To be “returned to ourself” is simply to be brought back into the truth of who each of us is. All the philosophies, theologies, and ideologies, for all their value, cannot compare with the richness and life that already exists within us. An item to note is the “returning” is done to us, not by us. This is important, for it is through our relationship with others and with God that restores us to our truest self. Brought back, kind of to where we started, but to a self that emerges as infinitely “more” by way of the exchange with that “other.”
Archbishop Oscar Romero of El Salvador, murdered by a government assassin while celebrating Mass in San Salvador in 1980, had three years earlier been returned, back to his true self. It had been a bruising path back, full of ambivalence and missteps trying to walk a fine line between a rapacious government and the needs of the country’s marginalized poor. The atmosphere in El Salvador then, as it is still today, was tense with violence, with rampant corruption, overlaid with 300 years of oppression by an oligarchy known as “las familias quatorce,” the fourteen families. In the midst of this, Romero tried to appease the military and government while still claiming to be the shepherd of the Salvadoran Church. No one can serve two masters, Romero had to choose which path to follow.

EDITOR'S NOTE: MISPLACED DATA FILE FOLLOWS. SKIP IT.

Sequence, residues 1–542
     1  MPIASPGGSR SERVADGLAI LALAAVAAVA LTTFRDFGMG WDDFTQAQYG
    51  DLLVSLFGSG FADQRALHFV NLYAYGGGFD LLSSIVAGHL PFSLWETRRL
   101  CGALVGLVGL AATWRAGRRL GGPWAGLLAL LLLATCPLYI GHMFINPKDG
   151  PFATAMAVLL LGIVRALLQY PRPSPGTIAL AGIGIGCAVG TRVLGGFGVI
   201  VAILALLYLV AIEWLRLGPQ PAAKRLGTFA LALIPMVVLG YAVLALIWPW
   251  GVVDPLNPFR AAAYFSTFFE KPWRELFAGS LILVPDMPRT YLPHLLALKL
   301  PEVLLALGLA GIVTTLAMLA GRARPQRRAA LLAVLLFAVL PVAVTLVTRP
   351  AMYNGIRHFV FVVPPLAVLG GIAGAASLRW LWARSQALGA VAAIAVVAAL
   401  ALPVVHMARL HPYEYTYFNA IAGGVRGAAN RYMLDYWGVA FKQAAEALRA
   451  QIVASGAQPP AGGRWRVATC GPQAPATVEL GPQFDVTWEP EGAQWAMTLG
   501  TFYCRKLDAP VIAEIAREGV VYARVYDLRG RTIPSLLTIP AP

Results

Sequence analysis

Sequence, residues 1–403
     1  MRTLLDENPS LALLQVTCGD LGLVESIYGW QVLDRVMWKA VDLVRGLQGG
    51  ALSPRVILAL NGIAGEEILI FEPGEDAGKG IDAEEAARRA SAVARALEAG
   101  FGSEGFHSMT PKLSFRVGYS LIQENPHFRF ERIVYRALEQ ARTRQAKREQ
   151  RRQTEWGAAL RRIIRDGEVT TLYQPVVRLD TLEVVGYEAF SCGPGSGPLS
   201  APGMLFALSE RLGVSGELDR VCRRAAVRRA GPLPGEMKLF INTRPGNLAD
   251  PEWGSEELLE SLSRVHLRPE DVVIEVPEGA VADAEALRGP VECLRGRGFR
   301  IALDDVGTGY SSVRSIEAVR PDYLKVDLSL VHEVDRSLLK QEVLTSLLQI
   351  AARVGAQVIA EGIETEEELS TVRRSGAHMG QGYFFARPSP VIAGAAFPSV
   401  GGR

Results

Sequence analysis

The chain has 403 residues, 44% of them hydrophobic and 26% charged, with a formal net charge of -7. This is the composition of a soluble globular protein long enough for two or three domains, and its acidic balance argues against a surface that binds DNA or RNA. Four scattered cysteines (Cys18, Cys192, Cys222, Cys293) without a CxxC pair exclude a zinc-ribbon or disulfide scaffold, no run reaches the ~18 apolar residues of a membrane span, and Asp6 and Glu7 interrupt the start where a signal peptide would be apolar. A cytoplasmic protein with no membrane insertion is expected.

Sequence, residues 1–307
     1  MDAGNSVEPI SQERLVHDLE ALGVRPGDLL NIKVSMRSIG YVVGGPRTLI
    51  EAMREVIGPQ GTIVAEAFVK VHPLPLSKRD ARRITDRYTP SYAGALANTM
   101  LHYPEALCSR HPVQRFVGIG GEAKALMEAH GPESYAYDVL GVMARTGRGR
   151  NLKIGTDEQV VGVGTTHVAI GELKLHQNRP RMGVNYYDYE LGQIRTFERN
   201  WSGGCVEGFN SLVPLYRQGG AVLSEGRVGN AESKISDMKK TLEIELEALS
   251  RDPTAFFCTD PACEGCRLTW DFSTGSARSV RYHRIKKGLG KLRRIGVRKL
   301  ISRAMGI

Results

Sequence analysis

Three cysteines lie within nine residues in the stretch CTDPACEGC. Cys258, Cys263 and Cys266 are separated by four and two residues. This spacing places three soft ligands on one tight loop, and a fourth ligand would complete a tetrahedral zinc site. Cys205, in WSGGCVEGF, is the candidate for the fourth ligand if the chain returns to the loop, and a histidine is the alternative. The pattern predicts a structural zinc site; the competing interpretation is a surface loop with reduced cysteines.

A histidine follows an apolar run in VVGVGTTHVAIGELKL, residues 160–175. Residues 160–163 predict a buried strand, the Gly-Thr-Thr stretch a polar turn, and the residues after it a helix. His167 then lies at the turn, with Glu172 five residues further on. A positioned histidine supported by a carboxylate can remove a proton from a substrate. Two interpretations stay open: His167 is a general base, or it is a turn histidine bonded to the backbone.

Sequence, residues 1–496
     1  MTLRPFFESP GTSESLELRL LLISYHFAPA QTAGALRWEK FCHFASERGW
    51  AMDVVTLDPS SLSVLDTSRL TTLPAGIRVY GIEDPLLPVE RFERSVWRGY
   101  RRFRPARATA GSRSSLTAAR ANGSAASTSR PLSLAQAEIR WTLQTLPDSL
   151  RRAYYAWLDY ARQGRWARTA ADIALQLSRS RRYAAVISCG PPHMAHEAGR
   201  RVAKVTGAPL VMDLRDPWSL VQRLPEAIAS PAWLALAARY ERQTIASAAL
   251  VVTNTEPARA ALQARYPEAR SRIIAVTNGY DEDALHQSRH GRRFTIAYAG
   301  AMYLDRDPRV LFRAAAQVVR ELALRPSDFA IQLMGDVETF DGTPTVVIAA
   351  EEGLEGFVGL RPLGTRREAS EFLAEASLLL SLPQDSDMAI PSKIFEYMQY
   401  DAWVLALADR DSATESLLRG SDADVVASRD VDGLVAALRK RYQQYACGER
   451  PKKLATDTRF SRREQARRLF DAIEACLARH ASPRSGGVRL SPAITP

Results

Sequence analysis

The turning point for Romero came after a priest, a close friend from seminary, was assassinated. A government security force ambushed a car carrying Rutillio Grande, SJ, who had been leading a movement empowering the poorest farmers, along with two other Salvadorans. The three of them were gunned down on their way to a small village, were Grande was to celebrate a church service. Upon hearing of the death of his friend, Romero was presented with a moment that he had always feared — who was he to be when there was no more room to equivocate, when there was no more time to wait, when what abided within him could no longer be ignored? The Archbishop, brought to the precipice by his love for and grief at his friend’s murder, made the leap back to himself. In a church procession near to where Grande had been murdered, while armed military death squads lined their path, the procession halted, fearful of what might be coming.
Unsure if they should continue or flee, the people looked to Romero for direction. He hesitated, but said in a firm voice, “Adelante!” (Forward!) This was who he was created to be, who he always was in his heart, and having been returned to himself he aligned himself with his truth.
What are your truths, those long held aspirations and passions you alone have been blessed with to contribute to our world?